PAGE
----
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In a survey, more than half of young e-cigarette users cited flavouring as the top reason they tried vaping.

Tony Dejak/The Associated Press

In the push to curb the number of young people who vape, flavoured e-cigarettes have become a prime target for health experts who say candy, dessert and fruit tastes are luring young people into a dangerous habit. Now, Nova Scotia is fighting back, becoming the first jurisdiction in Canada to adopt a ban on flavoured vaping products, effective April 1.

The province said Thursday it will still allow the sale of vaping products that are either tobacco flavoured or without flavour.

“We’ve worked hard to shift to a smoke-free culture and we do not want to lose ground. Vaping rates, especially among young people, have been growing and we’re concerned with what we’re seeing,” Health and Wellness Minister Randy Delorey said in a statement.

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The Nova Scotia announcement is the latest in a string of moves by the provinces in recent weeks aimed at further restricting vaping sales to youth. Ontario, British Columbia, Prince Edward Island and Quebec have all announced new policies designed to restrict youth access to vaping. For instance, B.C. has said it will prohibit the sale of e-cigarette flavours that could appeal to minors and will only allow flavoured vaping products to be sold in specialty shops, starting next year. And Ontario said Thursday it’s considering reducing the number of flavours to a few.

The result is a patchwork of provincial rules that highlight the need for a federal law to create a level playing field across the country, experts say.

“There should not be variations across the country in the degree to which Canadians … are protected from e-cigarettes,” said Matthew Stanbrook, a respirologist at Toronto Western Hospital. “It’s the job of the federal government to make sure it’s uniform across the country.”

The federal government this year proposed new advertising restrictions for vaping products, such as prohibiting any product promotions in public places where youth have access, including transit. Health Canada also conducted a public consultation on the possibility of flavour restrictions.

Andrew Pipe, chair of the Heart and Stroke Foundation and professor of medicine at the University of Ottawa, said provinces are responding to a “policy vacuum.”

“It would be better if we did have a national set of standards and regulations, but in the absence of that, the provinces are quite rightly going to move forward,” Dr. Pipe said.

Eric Gagnon, head of corporate and regulatory affairs for Imperial Tobacco Canada, said the move to ban flavours is unlikely to affect youth vaping levels. Instead, such policies are likely to drive people to the black market and deter existing adult smokers from trying to quit using e-cigarettes, he said.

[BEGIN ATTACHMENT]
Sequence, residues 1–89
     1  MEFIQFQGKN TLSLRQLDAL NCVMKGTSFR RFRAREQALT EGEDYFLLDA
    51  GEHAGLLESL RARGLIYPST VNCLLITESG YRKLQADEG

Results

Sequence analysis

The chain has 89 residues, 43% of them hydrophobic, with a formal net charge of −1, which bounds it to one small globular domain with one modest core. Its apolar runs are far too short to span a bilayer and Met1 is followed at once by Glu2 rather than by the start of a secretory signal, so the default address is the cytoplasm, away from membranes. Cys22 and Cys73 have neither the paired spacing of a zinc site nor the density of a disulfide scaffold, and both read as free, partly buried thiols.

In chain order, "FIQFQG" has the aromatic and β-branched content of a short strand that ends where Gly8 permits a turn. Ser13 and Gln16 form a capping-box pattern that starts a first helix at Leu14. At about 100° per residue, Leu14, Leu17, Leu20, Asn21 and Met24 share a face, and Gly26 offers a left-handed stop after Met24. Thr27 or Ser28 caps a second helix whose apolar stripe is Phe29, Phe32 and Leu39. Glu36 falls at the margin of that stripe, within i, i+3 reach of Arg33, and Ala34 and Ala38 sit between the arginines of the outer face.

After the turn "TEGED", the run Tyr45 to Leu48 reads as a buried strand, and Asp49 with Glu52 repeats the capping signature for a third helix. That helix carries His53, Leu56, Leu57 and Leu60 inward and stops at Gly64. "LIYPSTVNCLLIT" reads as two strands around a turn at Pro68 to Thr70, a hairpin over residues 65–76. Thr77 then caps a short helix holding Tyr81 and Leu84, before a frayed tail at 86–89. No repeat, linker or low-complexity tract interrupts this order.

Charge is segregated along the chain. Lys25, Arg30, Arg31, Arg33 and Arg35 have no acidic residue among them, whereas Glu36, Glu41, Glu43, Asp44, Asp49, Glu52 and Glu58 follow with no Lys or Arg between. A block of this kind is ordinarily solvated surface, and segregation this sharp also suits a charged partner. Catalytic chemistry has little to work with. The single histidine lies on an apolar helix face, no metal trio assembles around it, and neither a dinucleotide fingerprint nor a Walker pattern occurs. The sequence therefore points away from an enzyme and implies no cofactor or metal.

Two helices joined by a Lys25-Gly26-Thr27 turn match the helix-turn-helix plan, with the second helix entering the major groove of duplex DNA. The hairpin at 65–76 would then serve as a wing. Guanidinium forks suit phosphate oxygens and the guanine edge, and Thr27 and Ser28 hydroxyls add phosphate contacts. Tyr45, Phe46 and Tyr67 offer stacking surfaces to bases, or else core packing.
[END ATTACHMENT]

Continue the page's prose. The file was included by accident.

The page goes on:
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Daniel David, president of the Vaping Industry Trade Association, said he believes Nova Scotia’s flavour ban is more about politics than public health. “There’s nothing right now from the federal government. We have this push from the provinces to almost outdo each other” with new vaping restrictions.

He added VITA, which represents vape brands including Juul and Vype, is hopeful Ottawa will take a different approach, taking into account e-cigarettes’ use as a harm-reduction tool.

Vaping-related illnesses have been in the spotlight recently amid accusations the makers of the products are targeting them at youth. Dr. James MacKillop outlines some strategies to use at home in conversations with your children about vaping. MacKillop is the director of the Peter Boris Centre For Addictions Research and co-director of the Michael G. Degroote Centre For Medicinal Cannabis Research. The Globe and Mail (staff)

Nova Scotia’s flavour ban could serve as a catalyst for other governments to follow suit, according to tobacco control experts. Rob Cunningham, senior policy analyst with the Canadian Cancer Society, pointed out that Nova Scotia was the first province to ban the menthol flavour from tobacco products – a policy that has since been adopted nationwide.

“If Nova Scotia can do it, it signals what can be done,” Mr. Cunningham said.

New PEI legislation will set the legal age to purchase e-cigarettes or tobacco to 21, which is the highest in the country, and will only allow vaping products to be sold in specialty shops, not convenience stores or gas stations.

Ontario will ban vaping ads from convenience stores and gas stations as of Jan. 1. On Thursday, Health Minister Christine Elliott said the government is considering possible flavour restrictions and other measures, such as nicotine content.

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Ms. Elliott said one possibility would be to “limit the flavours that are available to menthol and one or two others."

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